With no real apology forthcoming, Carole sniffed.

“I’ll be down in an hour. Call your daughter.”

“I heard you the first time.”

Martin’s wife left the living room and went to sulk alone in the bath, wash, apply another deep layer of beautification powders, and wonder why she remained married to a man so distant to her own needs and wants.

“We are all demonic!”—Queen Stormag

Martin relished the archaic language as he reread the play’s final dialogue exchange between the blacksmith and the demon forces. As he sought his own doomed revenge for the death of his daughter, Queen Stormag shouting to the end, unknown curses pointing at darkness, threats, the queen’s acknowledgement of power wasting away for nothing, pettiness, mingled with her truculent fears as the stage became engulfed in flame, the players screaming (the cast dying in a cleansing burst—yelps of pain from behind a closing curtain). Martin could imagine this end and how brilliant the pyrotechnics would be with a final fundraiser to improve the sets and the lighting and special effects budget over the long winter. Maybe hold another auction.

The queen’s final statement repeated in his mind: “We are all demonic!”

The layered meaning sung off the pages, hitting him—revolutionary work. We all hide our demons, he thought. Some of us can’t help showing them off. What a play. He wished the playwright’s name had survived on the opening pages. Only the dedication to Huffins Mackepeace survived as a link to anyone real. The name conjured redemption and fire, a glorious burning. Curtains closed.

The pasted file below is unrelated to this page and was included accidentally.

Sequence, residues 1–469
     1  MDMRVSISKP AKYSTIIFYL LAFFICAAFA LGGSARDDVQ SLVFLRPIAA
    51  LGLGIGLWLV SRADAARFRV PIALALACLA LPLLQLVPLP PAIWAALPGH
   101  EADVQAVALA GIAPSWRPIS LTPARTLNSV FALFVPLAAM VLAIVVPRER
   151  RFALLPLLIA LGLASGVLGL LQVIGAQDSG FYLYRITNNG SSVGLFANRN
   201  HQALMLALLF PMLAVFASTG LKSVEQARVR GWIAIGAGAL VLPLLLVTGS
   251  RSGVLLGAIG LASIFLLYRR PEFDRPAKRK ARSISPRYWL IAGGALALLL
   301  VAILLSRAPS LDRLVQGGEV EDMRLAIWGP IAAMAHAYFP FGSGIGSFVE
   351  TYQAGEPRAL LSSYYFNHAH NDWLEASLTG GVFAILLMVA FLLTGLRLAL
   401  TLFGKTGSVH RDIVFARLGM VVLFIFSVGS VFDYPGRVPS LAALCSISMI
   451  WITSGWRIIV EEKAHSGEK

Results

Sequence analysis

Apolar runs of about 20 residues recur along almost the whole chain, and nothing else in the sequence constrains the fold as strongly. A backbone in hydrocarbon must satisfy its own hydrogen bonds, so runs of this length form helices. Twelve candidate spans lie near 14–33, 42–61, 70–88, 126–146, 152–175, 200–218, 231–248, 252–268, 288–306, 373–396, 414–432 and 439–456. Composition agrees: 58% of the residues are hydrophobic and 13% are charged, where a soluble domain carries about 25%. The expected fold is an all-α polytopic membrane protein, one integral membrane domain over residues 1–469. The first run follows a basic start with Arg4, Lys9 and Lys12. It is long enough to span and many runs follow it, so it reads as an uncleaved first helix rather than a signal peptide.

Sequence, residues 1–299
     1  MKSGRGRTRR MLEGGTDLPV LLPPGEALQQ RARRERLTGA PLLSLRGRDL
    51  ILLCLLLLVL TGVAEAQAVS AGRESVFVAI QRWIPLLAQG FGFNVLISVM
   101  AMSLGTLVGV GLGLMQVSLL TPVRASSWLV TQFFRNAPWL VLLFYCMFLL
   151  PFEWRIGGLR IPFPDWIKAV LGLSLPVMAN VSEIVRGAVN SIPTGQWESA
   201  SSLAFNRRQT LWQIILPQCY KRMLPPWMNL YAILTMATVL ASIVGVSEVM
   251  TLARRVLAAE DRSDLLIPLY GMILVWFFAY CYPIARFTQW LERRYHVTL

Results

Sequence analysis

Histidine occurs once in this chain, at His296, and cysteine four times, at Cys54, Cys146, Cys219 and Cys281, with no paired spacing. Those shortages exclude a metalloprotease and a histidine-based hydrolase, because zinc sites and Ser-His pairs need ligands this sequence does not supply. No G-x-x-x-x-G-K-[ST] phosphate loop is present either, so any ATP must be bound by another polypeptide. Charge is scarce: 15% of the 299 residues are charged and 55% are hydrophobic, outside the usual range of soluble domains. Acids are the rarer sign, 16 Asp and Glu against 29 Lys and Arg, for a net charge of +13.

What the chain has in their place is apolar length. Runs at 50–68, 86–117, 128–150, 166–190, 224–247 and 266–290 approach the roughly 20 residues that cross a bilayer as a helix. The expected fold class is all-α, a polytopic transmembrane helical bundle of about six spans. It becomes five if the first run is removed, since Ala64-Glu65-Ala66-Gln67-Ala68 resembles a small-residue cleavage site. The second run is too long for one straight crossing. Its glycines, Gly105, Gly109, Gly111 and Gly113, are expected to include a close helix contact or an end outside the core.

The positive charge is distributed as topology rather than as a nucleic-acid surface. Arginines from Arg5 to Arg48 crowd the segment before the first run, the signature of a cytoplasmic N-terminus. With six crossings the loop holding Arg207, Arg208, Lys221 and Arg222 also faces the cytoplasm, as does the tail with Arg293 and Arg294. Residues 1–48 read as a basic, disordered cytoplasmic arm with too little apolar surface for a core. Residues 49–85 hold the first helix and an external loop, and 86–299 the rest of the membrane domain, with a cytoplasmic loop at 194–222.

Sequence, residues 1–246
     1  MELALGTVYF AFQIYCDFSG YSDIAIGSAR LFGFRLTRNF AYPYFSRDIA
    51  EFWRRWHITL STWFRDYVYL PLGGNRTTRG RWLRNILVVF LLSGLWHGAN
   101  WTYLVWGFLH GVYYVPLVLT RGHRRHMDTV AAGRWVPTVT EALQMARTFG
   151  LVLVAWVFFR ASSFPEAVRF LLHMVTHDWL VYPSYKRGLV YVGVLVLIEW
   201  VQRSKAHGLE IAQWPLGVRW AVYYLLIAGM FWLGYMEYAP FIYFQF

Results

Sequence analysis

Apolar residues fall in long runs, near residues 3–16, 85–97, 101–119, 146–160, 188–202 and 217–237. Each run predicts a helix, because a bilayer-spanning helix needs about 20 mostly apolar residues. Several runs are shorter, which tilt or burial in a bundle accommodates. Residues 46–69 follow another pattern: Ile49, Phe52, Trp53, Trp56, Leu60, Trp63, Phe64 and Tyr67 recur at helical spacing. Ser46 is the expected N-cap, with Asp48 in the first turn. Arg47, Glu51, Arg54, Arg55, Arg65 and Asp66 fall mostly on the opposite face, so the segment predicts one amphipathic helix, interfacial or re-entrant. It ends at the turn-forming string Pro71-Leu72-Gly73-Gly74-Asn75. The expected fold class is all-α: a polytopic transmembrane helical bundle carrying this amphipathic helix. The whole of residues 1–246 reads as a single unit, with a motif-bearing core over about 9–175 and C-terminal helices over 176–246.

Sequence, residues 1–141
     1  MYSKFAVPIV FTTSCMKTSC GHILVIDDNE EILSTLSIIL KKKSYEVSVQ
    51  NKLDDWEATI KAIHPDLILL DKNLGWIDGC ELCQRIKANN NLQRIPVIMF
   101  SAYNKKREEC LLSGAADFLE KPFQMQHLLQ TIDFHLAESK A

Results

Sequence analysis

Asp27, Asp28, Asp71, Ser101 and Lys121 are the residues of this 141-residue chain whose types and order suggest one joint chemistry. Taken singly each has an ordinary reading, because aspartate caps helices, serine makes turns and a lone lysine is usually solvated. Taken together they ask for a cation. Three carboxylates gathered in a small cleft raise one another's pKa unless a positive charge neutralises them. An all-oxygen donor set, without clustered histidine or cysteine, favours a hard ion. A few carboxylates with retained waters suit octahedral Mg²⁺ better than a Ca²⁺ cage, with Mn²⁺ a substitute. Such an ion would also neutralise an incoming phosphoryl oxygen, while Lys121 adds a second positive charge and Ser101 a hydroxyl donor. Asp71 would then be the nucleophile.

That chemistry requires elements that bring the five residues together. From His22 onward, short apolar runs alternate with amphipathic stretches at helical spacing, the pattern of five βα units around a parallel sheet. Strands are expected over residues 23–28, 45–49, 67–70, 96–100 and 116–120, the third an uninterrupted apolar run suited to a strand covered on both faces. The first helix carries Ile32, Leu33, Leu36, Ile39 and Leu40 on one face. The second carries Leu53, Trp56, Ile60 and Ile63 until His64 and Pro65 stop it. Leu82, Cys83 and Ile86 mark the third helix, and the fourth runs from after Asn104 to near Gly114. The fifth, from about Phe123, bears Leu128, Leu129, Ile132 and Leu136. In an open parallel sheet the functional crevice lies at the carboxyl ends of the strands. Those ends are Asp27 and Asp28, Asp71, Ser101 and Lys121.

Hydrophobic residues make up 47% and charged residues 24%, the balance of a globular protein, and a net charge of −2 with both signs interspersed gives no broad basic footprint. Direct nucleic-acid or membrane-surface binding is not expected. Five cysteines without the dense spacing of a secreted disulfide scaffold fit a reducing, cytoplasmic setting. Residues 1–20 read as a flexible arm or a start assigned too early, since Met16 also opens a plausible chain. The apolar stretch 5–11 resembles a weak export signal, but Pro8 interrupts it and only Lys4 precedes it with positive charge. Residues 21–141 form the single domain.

He heard his wife stub her toe on the bathroom wastebasket and the sudden yelp of frustrated pain. He smiled at this. She’d love the play. He knew she would; it played to her vanity, but was she worthy of it? That’s the new thought worming its way into his head. It stayed hidden there as he placed The Queen’s Idle Fancy on the coffee table.

He picked up his cell and called his daughter, Peggy, the only child from his first marriage (dissolved fifteen years ago when Peggy was but a newly sullen teen of thirteen) who remained insolent and blamed him more than his first wife for every problem she now had as a young adult. She lived in Chico, California, and tried to earn a living as a massage therapist, but there were never enough clients to afford her the lifestyle she thought she should lead. Martin could imagine how the queen would speak to her if she were hers, and this made Martin laugh.

“Hello? Dad?”

“Of course. Just calling you back.”

“I’m surprised Carole even told you I called.”

“Yes. She can be a bitch.”

“Dad!” Martin could hear his daughter’s shock and surprise—her mirth too. “What’s gotten into you? You’ve never spoken like that to me about Carole. I’m usually the one. Trouble in paradise?”

“She’s been on my nerves all day. That’s all.” Martin pulled himself back from his darkening thoughts.

“She’s been on my nerves ever since you married her. She’s nothing like mom.”

“Your mom was a bitch too.”

“Dad!”

“Sue me. That’s how I feel.”

“I think I like this new mindset of yours.”

“Carole said you were after extra funds?”

“That witch!”

“Peggy!”

“Now you’re making me laugh. I only wanted to catch up with you. Now that you’ve called my real mother a bitch I don’t know if you want to hear the news or not.”